Since the 1950s oceanographers have known that seismographs sometimes pick up ocean waves and sometimes referred to them as Microseismic waves. There was little practical applications until pretty recently.
In the past few years though a few scientist have been looking at the microsiesmic data both and land and in a new series of undersea instruments that survive powerful storms better than buoys or ships.
The new applications of the data are being used to study recent storms and providing a lot of information about frequency and size of storm waves. This should improve both sea state forecast, analysis of the storm itself, and forecast of coastal damage.
In a different application of microsiesmic data to research large storms of the past, particularly before there was a dense network of land stations. The buoy network is also pretty new and ships either avoided such storms after radio become common, didn't survive, or when they did report were largely reporting their dead reckoning position prior to Loran navigation. Ships also tend to follow narrow band of ship routes after reliable engines were invented while sailing ships traversed a wider range of seas.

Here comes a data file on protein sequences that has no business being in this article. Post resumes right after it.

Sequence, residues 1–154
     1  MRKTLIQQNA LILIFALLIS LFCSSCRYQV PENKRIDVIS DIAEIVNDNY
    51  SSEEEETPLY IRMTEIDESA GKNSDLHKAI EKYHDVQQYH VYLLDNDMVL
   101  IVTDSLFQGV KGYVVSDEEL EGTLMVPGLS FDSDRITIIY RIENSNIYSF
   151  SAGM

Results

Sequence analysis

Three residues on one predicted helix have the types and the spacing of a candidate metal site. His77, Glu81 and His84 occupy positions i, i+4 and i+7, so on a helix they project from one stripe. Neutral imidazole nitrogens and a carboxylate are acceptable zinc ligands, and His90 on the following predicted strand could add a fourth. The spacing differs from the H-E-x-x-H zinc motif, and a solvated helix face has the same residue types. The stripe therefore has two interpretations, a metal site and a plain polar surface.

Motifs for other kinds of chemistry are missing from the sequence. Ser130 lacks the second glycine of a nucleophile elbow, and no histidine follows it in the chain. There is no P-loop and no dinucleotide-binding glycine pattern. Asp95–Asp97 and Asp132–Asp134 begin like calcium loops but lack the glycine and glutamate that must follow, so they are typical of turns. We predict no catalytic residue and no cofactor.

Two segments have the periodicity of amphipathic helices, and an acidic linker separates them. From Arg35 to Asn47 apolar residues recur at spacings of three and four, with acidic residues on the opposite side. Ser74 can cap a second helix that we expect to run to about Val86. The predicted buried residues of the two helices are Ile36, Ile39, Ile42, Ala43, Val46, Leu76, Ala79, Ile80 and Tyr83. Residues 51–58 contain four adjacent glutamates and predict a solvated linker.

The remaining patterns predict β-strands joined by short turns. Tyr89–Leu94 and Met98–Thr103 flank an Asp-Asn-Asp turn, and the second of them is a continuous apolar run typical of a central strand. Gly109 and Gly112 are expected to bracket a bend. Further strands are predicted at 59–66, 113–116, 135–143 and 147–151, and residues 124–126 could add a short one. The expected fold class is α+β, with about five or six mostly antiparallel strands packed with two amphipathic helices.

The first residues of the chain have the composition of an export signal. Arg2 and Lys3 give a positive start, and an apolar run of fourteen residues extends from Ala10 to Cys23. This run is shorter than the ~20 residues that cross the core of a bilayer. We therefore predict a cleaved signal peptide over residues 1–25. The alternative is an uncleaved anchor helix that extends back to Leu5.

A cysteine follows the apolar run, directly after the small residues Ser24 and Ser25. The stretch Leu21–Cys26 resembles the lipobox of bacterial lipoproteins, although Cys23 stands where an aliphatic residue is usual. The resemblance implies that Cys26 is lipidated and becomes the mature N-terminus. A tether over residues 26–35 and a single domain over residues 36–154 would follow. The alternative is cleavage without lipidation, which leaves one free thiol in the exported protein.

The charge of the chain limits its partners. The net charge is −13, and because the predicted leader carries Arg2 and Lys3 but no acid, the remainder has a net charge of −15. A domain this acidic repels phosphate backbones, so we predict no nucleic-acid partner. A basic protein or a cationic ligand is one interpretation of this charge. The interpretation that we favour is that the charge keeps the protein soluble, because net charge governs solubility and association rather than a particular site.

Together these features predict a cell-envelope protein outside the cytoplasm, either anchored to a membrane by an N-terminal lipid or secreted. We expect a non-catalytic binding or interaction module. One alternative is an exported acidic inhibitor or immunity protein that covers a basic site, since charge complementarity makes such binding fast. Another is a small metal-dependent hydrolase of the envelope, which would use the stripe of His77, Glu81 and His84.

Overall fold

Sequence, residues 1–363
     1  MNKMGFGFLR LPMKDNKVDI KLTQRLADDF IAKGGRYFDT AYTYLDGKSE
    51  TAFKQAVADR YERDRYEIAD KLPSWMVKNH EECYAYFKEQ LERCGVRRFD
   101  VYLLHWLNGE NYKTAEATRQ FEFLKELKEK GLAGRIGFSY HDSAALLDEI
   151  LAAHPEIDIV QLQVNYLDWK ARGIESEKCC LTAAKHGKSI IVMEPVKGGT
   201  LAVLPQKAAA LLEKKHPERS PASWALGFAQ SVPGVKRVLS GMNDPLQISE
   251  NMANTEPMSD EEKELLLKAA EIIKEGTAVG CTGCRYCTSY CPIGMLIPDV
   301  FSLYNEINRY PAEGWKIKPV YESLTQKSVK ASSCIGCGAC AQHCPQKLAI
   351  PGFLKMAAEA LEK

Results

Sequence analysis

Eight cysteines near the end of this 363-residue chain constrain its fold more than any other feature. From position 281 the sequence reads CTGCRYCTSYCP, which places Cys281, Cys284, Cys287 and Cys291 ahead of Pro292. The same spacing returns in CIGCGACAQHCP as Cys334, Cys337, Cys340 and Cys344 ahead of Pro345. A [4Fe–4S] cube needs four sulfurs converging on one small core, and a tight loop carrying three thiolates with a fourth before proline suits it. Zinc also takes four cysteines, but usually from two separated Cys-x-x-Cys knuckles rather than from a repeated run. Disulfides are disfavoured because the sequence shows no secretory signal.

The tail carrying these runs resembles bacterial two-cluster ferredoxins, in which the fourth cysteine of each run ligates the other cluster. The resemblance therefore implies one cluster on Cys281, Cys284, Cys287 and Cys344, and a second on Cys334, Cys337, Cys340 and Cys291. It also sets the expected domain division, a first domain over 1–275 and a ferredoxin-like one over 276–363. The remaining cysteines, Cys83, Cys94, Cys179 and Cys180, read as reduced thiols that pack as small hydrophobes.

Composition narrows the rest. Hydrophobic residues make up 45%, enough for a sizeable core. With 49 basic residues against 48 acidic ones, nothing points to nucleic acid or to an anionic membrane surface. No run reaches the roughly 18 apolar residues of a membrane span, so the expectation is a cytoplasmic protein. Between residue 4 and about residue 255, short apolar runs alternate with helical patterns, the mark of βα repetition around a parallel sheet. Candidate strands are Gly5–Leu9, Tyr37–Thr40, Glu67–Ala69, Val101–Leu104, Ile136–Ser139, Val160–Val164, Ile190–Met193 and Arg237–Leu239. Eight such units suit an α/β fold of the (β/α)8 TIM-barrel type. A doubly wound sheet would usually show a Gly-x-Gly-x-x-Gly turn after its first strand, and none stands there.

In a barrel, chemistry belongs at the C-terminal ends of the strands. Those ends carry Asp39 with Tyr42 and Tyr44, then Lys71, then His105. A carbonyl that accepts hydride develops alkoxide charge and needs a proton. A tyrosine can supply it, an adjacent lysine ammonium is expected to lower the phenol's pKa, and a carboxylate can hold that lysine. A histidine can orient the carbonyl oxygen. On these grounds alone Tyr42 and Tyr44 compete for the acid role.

Anyhow scientist are starting to sort through the seismograph data that goes back the 19th century, digitizing what was recorded on paper, and analyzing that data for P-waves from strong ocean storms hundreds of miles away. This should help identify frequency and intensity of past storms--something of great interest given the warming of the past century.
Like many of the natural sciences this is an example of using data from other fields
in ways never imagined to fill in gaps and seams in the past. I think it's neat.